# What's the role of the commitment loss in VQ-VAE?

I'm reading about VQ-VAE, and trying to understand the commitment loss $$\beta||z_e(x) - sg(e)||^2$$, described in the following sentence:

Finally, since the volume of the embedding space is dimensionless, it can grow arbitrarily if the embeddings $$e_i$$ do not train as fast as the encoder parameters. To make sure the encoder commits to an embedding and its output does not grow, we add a commitment loss, the third term in equation 3

what do they mean by the embedding space volume being dimensionless? and what would happen if we omit this term? aren't we covered by the reconstruction loss term?

suppose we have a codebook of just two entries, $$z=0$$ for cats and $$z=1$$ for dogs. also let's assume that the embedding has just one dimension (a scalar), and initialize $$e_0 = [-1]$$ and $$e_1 = [1]$$.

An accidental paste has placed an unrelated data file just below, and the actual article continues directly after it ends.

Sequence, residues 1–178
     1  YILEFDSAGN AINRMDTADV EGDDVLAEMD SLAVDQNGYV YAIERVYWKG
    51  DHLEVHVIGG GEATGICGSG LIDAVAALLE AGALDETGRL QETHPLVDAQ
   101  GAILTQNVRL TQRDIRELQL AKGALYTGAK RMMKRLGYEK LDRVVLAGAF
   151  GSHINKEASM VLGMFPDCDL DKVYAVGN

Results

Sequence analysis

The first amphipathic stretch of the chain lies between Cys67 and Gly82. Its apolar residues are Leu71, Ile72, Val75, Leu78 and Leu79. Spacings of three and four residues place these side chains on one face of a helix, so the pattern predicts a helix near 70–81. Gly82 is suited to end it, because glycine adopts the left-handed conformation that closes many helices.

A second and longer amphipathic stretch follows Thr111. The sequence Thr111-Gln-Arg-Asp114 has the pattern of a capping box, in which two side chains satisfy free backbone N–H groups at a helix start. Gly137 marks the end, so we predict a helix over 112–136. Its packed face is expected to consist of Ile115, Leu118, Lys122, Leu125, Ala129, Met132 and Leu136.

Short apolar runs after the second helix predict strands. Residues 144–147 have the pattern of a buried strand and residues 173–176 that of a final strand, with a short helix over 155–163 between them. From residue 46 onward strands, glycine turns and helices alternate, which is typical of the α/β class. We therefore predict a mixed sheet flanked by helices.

now let's optimize the reconstruction error (the first term of our loss) - the decoder gets as input one of our two embeddings, and of course it will want to push cats and dogs away from each other. when we back-prop, we will straight-through copy this gradient to the encoder output, so the encoder will always push its output of cats towards $$-\infty$$, and the output of dogs towards $$+\infty$$, and there would be absolutely no punishment for that in the reconstruction error.
the problem would now be when we optimize for the vq-vae loss (the second term of our loss). it would get larger and larger and the embeddings would always try to chase the encoder outputs towards $$-\infty$$ and $$+\infty$$, thus creating an instable cycle, effectively ruining the training process.